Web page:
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Neutra's Kaufmann House, On the Auction Block

Kaufmann House

Do you live in a house that has so much embedded history and character that it would be a major disaster if something ever happened to it?  There are homes like that.  A long time ago, a Pittsburgh department store businessman named Edgar J. Kaufmann, Sr., retained Frank Lloyd Wright to design a weekend home.  That home is the famous Fallingwater.  Kaufmann also commissioned Richard Neutra for home in Palm Springs.  That home is the 1946 Kaufmann House, a masterpiece of glass, steel, and stone.  But, as the story goes, it hasn’t always received masterpiece treatment. 

If the house could speak, I think, it would have an interesting story to tell.  Barry Manilow lived in The Kaufmann House for a bit.  It was neglected and abandoned for some duration of time, when Brent and Beth Harris stumbled upon it.  They bought it for a paltry $1.5 million and hired Leo Marmol and Ron Radziner to restore it.  I heard Marmol talk about its restoration about a year ago — they proceeded cautiously and deliberately to bring all the subtle details back.  The Harris couple acquired some surrounding plots of land and brought the glory of the original back to life.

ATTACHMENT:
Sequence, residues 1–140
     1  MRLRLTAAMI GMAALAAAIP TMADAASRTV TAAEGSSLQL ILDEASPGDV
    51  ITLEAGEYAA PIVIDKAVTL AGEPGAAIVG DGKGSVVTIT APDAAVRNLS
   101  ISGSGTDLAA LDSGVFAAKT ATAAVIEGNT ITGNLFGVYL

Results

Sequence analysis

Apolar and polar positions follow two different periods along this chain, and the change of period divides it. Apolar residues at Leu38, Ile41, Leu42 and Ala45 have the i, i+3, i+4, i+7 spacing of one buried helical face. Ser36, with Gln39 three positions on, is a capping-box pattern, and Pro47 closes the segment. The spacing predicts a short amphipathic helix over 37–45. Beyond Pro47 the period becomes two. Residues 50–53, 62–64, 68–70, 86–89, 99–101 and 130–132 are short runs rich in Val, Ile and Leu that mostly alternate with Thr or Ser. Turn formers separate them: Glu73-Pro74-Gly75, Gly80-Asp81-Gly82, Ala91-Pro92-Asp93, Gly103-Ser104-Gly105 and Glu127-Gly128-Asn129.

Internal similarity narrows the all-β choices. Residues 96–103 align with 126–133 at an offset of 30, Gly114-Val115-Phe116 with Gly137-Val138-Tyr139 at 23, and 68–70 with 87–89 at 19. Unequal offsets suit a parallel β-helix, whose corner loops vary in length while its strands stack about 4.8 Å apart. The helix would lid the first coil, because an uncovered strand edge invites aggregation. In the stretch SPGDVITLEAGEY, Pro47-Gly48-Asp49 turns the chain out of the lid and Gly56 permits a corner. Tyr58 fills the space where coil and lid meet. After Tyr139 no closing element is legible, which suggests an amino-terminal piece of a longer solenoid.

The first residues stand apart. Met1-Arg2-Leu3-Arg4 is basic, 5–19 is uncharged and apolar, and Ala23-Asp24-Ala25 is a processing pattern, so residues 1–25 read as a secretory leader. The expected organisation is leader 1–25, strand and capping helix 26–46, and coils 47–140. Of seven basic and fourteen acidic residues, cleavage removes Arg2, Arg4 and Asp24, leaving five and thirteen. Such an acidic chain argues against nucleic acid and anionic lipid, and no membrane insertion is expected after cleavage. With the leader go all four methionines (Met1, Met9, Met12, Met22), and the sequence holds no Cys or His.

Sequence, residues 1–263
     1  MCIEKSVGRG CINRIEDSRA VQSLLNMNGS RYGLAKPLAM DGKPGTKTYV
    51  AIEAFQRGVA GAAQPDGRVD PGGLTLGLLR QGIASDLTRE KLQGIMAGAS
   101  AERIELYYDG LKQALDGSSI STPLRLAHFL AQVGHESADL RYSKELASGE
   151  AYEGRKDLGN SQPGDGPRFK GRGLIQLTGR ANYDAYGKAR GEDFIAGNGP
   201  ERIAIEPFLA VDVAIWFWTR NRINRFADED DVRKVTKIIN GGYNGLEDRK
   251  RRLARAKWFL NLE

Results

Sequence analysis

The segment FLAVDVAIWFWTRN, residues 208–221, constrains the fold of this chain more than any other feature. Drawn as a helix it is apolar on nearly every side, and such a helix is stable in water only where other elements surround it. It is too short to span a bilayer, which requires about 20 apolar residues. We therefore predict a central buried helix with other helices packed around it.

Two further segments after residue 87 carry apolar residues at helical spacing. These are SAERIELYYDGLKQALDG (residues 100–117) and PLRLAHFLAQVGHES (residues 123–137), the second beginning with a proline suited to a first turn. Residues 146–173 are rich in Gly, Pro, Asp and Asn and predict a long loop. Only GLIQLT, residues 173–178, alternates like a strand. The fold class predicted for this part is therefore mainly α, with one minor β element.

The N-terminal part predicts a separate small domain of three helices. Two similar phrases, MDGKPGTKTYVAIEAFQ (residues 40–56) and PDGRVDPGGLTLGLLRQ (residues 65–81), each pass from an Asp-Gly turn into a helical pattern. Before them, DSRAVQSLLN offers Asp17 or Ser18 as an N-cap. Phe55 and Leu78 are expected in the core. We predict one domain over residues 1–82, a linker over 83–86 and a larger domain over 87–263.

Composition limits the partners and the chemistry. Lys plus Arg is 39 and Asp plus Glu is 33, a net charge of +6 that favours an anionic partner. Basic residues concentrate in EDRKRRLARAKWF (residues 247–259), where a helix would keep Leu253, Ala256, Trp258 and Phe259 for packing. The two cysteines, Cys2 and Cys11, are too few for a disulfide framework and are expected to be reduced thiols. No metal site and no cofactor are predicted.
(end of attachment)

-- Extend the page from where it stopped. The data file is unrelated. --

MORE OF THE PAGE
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San Francisco's Glassy Green 555 Mission Street (S2)

Night Rendering Rendering

Floor-to-ceiling glass panels, accented with glass and metal fins … this is 555 Mission Street.  The base of the building will have a public plaza with a so called "garden of light"– an organic, living space with fiber-optic light wands.  The 33-floor building is will be state-of-the-art and with all those windows, it’ll need to filter the natural light without burning up the interior in the summer.  Slated for completion in the third quarter of 2008, the building will have dual-panel, insulated glazing windows with low-e coating.  In total, 555 Mission Street will have approximately 550,000 rentable square feet and what seems to be incredible views of the city and the bay — I really like this first image below.  Word is, the building will be LEED certified, although I haven’t been able to verify that or the level of planned certification.  See updates below.